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whats going on? RAID setup incorrectly?

490 Views 9 Replies 3 Participants Last post by  catalyst
hey guys, quick question......
i was trying to set up a RAID 0 on my 2 500GB F3`s.
RAID 0 should equal <500Gb useable space correct?
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RAID0 is striped data across a set of disks without parity.

What this means is you'll get one logical volume from multiple physical drives. There is no disk space loss.

If you were to run a raid5 array you would get a loss of space for parity

Or a Raid1 array which is a mirror, you'll loose a disk.


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ok, so from the screenshoot, hdtune reads 2+0 stripe/ RAID 0 etc....
what does the 2+0 mean?
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I would say 2disks in a raid 0 array.

I've not used HD tune.

What is it you're trying to achieve here? Data redundancy? Mirroring of your hard drive? Or performance?

i was looking to set up for performance
In which case you've achieved that, here is a small breakdown of RAID for you

RAID0 - Striped drives with no parity (you loose one disk, you loose the array)
RAID1 - Mirrored drives, normally used for system partitions
RAID5 - Striped drive with parity (you can loose a disk in the array and the remaining 2 can rebuild the failed drive)
RAID 0+1 - Striped data with mirrored drives (you're looking at a minimum of 4 disks, normally 6 you can lose a maximum of 3 drives in a 6 drive array)

Raid0 is what you want for performance, there is no parity so no disk space loss, performance is improved from pulling data from 2 channels/drives, however failure rate of array is increased (roughly increases the failure rate by 9.75%)

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ok mate, i understand now. thanks a lot!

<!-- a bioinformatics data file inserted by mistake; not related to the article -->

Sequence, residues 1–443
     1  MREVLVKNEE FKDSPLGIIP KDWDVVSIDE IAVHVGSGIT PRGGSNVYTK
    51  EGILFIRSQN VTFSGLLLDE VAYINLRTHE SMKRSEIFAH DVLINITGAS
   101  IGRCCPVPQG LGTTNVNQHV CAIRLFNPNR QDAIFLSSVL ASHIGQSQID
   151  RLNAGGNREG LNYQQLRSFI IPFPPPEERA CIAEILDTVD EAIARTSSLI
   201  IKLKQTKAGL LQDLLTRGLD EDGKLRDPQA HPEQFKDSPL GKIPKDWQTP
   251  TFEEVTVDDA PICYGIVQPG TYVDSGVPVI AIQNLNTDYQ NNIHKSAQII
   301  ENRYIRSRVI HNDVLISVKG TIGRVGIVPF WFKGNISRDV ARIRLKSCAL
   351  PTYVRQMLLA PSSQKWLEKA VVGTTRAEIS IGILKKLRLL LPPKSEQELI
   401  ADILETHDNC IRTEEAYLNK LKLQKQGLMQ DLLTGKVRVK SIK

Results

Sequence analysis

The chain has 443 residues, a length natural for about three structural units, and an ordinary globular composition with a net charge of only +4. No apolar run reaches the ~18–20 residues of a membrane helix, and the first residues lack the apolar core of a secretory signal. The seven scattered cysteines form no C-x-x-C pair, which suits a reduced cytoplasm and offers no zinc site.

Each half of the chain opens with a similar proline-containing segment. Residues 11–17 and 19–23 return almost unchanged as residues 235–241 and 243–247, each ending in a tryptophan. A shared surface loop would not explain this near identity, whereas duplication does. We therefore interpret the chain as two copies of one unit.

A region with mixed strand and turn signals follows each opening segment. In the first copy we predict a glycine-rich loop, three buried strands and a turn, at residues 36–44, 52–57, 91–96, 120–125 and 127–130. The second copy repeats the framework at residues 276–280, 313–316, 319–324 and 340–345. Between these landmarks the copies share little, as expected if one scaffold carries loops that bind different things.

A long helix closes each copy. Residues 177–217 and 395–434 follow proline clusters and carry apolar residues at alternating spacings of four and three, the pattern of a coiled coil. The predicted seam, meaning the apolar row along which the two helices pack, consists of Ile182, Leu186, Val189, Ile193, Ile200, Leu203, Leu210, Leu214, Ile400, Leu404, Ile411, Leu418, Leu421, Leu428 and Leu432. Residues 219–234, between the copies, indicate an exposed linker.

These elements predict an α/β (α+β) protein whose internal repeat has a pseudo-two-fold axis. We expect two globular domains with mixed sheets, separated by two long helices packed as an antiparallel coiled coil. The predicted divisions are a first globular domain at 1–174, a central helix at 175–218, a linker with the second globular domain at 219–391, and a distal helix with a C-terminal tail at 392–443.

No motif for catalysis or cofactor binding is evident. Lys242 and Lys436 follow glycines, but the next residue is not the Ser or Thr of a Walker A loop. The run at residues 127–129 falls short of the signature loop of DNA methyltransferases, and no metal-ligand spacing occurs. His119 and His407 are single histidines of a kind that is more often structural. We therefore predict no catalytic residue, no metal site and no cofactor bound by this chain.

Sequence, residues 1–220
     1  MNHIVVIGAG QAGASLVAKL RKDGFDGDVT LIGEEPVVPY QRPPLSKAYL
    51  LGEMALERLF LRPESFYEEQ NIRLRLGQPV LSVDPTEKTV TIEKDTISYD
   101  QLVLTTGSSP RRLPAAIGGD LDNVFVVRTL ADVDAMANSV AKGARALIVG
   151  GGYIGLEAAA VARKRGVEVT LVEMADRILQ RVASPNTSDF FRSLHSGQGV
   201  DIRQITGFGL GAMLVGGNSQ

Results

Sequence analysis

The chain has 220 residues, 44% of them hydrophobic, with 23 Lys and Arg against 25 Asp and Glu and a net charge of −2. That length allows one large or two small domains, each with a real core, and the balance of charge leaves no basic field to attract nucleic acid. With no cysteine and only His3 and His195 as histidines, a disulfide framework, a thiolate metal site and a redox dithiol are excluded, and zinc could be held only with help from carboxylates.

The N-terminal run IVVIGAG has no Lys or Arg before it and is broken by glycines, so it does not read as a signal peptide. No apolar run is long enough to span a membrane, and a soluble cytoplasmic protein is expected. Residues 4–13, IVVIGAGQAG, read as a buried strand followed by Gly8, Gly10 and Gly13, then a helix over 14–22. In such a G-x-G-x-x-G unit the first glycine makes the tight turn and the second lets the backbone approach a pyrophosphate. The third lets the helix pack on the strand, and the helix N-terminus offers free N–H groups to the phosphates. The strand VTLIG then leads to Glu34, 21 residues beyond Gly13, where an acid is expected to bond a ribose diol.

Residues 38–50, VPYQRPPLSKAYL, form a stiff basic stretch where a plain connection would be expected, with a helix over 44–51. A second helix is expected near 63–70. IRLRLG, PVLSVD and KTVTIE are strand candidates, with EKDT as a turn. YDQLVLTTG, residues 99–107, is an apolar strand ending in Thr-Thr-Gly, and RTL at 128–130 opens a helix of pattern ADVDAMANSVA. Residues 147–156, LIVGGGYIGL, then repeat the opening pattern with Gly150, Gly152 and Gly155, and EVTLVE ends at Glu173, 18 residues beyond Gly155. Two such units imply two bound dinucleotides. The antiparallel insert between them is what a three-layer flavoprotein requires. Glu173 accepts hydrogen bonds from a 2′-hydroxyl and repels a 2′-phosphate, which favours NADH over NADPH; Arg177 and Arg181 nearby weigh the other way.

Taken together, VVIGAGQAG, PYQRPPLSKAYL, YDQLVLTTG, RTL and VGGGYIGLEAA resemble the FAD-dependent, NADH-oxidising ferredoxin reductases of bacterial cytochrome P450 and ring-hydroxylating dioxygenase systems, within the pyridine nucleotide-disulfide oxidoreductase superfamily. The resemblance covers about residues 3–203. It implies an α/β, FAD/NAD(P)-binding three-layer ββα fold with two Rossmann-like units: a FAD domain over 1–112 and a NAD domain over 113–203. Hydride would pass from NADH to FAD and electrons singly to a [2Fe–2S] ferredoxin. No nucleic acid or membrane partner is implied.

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Originally Posted by catalyst View Post
ok mate, i understand now. thanks a lot!
Don't do it for the rep, I do it cause I love it

If ya need a hand with anything else then drop me a PM.
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Just to add some info, in terms of available disk space depending on the RAID level you use:
RAID 0: you get the total space provided by the two drives, e.g. with two 500 GB drives you would get a ~1 TB volume.
RAID 1: you get the capacity of exactly one drive in your RAID array exactly as if you had only one drive (2x 500 GB drives will give you 500 GB of available space). If you're using drives of different sizes, the size of your volume will be that of the smallest drive in your array.
RAID 5: you get the capacity of your smallest drive times however many drives you have minus one
There are other RAID levels but they are far less common in consumer solutions so I won't get into those
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ok mate, thanks a lot.
are the numbers in getting from hd tune ok? the access time and the data transfer rates seem low......compared to a single F3
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